However, your EV battery will most likely need to be replaced every eight years or 100,000 miles. While it may seem like a long time, replacing your battery might cost anywhere between $5,600 and $20,000.
Other Hidden Charges of Owning an Electric Car
Low resale value
It is a less known fact that the resale value for EVs is lower than for fuel vehicles. Also, only 17% of the car’s original value goes as the resale value. Similarly, as you look at the long-term usage of the vehicle, three years is the maximum period for which you can use the car. The number of EVs in total is also less than that of petrol and diesel cars. Even then, the resale value of the cars is comparatively lesser.
EV insurance costs are higher
Another one of those high hidden costs of owning an electric car is its insurance. If you plan to buy a car, prioritize getting it insured. The insurance costs for most EVs are always a bit higher, and there might be differences in the purchase prices, which may also give high claims. These are also costly to repair, and not every shop offers them high-capacity batteries.
States may levy a gas tax to fund road repairs and other problems that arise due to the wear and tear of roads. However, because electric vehicles do not use gasoline, EV owners may not be paying their full share of infrastructure taxes.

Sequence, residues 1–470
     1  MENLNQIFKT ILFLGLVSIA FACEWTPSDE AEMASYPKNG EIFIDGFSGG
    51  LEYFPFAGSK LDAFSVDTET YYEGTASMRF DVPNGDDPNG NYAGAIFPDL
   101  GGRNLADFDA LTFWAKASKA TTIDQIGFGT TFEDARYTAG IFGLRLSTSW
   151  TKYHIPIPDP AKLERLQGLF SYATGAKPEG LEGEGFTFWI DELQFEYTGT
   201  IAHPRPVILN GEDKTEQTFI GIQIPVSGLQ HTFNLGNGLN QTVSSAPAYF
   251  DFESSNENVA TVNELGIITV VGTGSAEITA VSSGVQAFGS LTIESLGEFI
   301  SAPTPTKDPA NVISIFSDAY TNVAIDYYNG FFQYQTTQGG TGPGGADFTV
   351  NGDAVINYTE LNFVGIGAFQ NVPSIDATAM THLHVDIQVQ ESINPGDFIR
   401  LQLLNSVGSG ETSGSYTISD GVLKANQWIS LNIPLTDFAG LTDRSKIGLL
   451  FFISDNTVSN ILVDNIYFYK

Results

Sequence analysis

To make up for the lost revenue, several jurisdictions are charging an extra registration cost for electric vehicles. Fees vary by state and can range from $50 to $200 each year. Check with the state where your car is registered to see how much more you’ll need to budget for.
Manufacturer’s right to repair
For the last twenty years or so, ICE car manufacturers have been required by law to disclose facts about their vehicles. This allowed for the development of an ecosystem of auto-repair shops, after-sale marketplaces, and recyclers. The advent of electric vehicles, on the other hand, has reintroduced the intellectual property component into the automotive industry. EV manufacturers can prohibit owners from tampering with their vehicles. That’s because they are merely containers for electrical equipment, similar to Amazon’s Alexa or the iPhone. As a result, automobile owners are hostage to car companies. They cannot have their cars fixed by local or economical technicians. This leaves them with no choice but to accept high repair bills.
EV manufacturers like Tesla do love to boast about capabilities like self-driving or acceleration boost. But such extras come at a cost. Drivers may have to spend up to several thousand dollars to unlock these technological capabilities. For example, Tesla’s full self-driving function costs $10,000 to activate!
Are electric vehicles affordable?
There are quite a few hidden costs to owning an electric car. There are still parts to fix and systems to maintain, insurance is more expensive, and power rates vary greatly. The most limiting factor is the initial purchase price. EVs cost tens of thousands of dollars more than a gas-powered vehicle.
However, you’ll most likely hold on to your EV for at least a few years. This means the EV will certainly save you money in the long term simply because of all the money you’ll save on gas. Furthermore, you may be certain that your automobile is not contributing to pollution at nearly the same rate as vehicles powered by fossil fuels.